Applying for Listed Building Consent

The process of Listed Building Consent is administered by your local authority planning department, and overseen by their Conservation Officer.  Unfortunately the coalition Government have clearly demonstrated a lack of commitment to conservation, with the result that there are now nearly 75% fewer Conservation Officers than 5 years ago.  The result:  Its hard to get advice from them, they are swamped with work, and many people are opting to 'do the work and hope they dont see it'.  Remember this - if you ask to see your local CO, he or she is likely to be stressed, overworked, and underpaid!

You can get an application form from your local authority's web site or in paper form. Advice and guidance can also be obtained by visiting the government's planning portal web site. There is currently no fee, but be warned that local government is now trying to introduce a fee structure for anything to do with Listed Building work.

How long does it take?

Local authorities aim to return a decision on smaller schemes within eight weeks, allowing up to thirteen weeks for major proposals. This includes a statutory 21 day consultation period where neighbours, local amenity societies and interested relevant parties will be consulted.  You should try to make a pre-application enquiry first, so you dont waste time applying and being knocked back.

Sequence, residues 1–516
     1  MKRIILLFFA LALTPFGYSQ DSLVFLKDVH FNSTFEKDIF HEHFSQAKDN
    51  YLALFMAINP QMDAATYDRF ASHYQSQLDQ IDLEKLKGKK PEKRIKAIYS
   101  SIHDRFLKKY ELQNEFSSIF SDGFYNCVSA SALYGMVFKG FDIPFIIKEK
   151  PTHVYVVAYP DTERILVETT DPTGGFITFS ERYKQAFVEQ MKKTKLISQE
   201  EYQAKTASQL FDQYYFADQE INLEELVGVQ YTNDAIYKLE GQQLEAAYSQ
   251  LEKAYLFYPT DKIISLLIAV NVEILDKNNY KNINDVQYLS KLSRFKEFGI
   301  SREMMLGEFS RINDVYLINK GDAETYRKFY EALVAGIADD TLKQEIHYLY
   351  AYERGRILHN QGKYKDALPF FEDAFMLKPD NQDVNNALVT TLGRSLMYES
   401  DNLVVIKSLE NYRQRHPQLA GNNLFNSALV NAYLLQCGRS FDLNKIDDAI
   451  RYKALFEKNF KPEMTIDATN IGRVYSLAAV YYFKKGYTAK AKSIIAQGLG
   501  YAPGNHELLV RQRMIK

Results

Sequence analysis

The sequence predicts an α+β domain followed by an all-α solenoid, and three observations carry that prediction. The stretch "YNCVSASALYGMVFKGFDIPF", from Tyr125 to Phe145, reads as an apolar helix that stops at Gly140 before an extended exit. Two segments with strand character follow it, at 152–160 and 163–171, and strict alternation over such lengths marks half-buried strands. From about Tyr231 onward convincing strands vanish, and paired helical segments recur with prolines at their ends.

If the application involves a Grade I or Grade II* listed building, demolition, or is particularly complicated, the case will be forwarded to English Heritage for expert advice. In London, certain categories of work to Grade II listed buildings. EH will return their advice to the local authority within 21 days or to an agreed timetable.  This process can get complicated, so beware - you need to know the exact background and history of the property so you can help make relevant arguments about what constitutes 'relevant historic fabric'... 

What can or can't be done?

Each building is different.  There are no specific rules for what can or can't be done without consent. This of course introduces a nightmarish situation whereby individual Conservation Officers can have widely differing opinions as to what you can do.  

When a Council considers whether to grant or to refuse an application it must have special regard to the desirability of preserving the building, its setting and any features that make it special. You should give consideration to these things when planning proposed changes - which means understanding the building and its history very well. Do your research - this is going to be needed for the 'Design and Access' statement which accompanies the application.